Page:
The media depicted the press conference as devoid of content and a waste of time, and the nightly news even showed Minister Altmaier tweeting during the conference. But I must speak up for Minister Altmaier here – he was engaging in a crucial policy debate with Very Important People!

Craig Morris (@PPchef) is the lead author of German Energy Transition. He directs Petite Planète and writes every workday for Renewables International

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Craig Morris

Craig Morris (@PPchef) is the lead author of Global Energy Transition. He is co-author of Energy Democracy, the first history of Germany’s Energiewende, and is currently Senior Fellow at the IASS.

5 Comments

  1. Sascha Röber says

    Hello.

    a) Isn’t it 1 GWh / yr rather than 10 (which is the old threshold)?
    b) In his “Strompreisbremse” concept, Altmaier was silent about offshore, the technology which makes renewable energies unnecessarily expensive (owed to his colleague Rösler who soleley supports the interest of E.on, RWE, Vattenfall, and EnBW).
    c) What is the real news in the chart? Its facts have been known for months…

    Kind regards
    SR

    • Craig Morris
      Craig Morris says

      Sascha, I checked again, and it looks like 10 GWh is correct. You may be thinking of the exemptions to the renewables surcharge (EEG-Umlage).

      The chart is not new; I merely used to point out what the cost impact of industry exemptions looks like within the renewables surcharge. (But perhaps I should remove it because of the potential confusion between the exemption to the surcharge and the exemption to grid fees…)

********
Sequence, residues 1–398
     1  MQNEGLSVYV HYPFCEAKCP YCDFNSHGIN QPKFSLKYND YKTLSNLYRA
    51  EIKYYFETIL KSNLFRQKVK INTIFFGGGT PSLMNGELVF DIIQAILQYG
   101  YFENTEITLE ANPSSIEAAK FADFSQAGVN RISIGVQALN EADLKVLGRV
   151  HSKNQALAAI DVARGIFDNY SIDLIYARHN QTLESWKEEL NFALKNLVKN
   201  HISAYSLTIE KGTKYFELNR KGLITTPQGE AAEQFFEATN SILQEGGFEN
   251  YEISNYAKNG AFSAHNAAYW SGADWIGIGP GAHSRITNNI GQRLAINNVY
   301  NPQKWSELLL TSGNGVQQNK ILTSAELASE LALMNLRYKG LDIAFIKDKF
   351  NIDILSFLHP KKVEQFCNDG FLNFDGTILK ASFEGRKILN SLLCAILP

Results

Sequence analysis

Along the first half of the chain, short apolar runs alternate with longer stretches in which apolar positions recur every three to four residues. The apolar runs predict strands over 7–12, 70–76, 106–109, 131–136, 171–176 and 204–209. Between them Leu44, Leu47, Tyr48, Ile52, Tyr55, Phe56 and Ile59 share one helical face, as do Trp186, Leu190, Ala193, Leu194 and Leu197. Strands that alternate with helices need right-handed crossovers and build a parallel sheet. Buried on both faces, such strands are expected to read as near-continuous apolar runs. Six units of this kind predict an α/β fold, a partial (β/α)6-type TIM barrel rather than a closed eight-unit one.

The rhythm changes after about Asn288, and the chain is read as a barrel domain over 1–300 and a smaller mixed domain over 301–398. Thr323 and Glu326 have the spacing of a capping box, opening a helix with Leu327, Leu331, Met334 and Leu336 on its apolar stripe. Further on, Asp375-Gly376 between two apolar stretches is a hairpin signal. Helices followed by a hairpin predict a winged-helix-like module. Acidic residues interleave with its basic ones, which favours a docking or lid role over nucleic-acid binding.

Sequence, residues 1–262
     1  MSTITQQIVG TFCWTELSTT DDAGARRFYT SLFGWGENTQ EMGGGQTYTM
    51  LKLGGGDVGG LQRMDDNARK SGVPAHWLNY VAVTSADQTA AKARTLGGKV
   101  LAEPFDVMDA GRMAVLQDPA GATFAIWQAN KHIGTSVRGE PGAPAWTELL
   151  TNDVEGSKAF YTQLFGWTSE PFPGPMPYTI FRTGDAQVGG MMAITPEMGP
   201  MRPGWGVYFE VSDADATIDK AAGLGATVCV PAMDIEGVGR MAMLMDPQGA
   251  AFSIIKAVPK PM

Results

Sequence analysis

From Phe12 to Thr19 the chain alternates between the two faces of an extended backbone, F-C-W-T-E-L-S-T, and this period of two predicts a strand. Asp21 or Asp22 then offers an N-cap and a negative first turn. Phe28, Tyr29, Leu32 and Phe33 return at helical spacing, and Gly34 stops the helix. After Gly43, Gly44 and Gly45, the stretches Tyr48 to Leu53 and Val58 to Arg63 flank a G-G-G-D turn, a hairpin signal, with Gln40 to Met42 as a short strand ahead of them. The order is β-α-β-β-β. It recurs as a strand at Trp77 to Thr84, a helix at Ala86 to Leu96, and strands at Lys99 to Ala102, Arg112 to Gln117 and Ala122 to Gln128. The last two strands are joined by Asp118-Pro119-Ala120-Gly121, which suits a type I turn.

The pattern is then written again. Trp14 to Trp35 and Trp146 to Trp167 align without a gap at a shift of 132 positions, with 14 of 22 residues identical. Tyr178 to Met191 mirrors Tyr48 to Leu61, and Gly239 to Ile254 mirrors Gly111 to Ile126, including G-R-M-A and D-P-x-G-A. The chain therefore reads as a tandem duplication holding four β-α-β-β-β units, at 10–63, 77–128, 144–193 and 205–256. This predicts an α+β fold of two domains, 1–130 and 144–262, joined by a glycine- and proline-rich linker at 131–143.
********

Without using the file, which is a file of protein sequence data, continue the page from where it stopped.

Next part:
Otherwise, I agree with you about offshore wind.

  2. Karl-Friedrich Lenz says

    Why does it make sense to divide 52 by 20? The twenty years duration for feed-in tariffs have nothing to do with the cap of 52 GW. Also, we already have over 32 GW, so there are only 20 left until the cap. I certainly hope it doesn’t take 20 years to get there…

    • Craig Morris
      Craig Morris says

      There is no need to divide 52 by 20, and as you point out we could just as easily subtract the 32 we already have from the target of 52 for 2020. That would give us eight years to build 20 GW, equivalent to 2.5 GW per year – far less than what we are talking about above. So consider my figures above conservative.

      Also, Germany has never considered its targets to be ceilings, as is done in the US, so growth generally continues after targets are met. Mainly, I’m trying to put everything into perspective – 3.9 GW of PV is not the end of the world at this point in terms of the overall picture (as much as it will hurt installers).

  3. ArneJJ says

    I completely agree that ~3GW additional solar capacity per year is a solid and steady growing PV market. Still, in the context of the “Strompreisbremse” (slowing energy price increases) it is ironic that Peter Altmaier and the German government cut down solar growth when it’s getting so cheap. There are many other ways to cutting energy bills for consumers. Reducing the installation of new solar panels that produce electricity for half the costs of some years ago should not be one of them.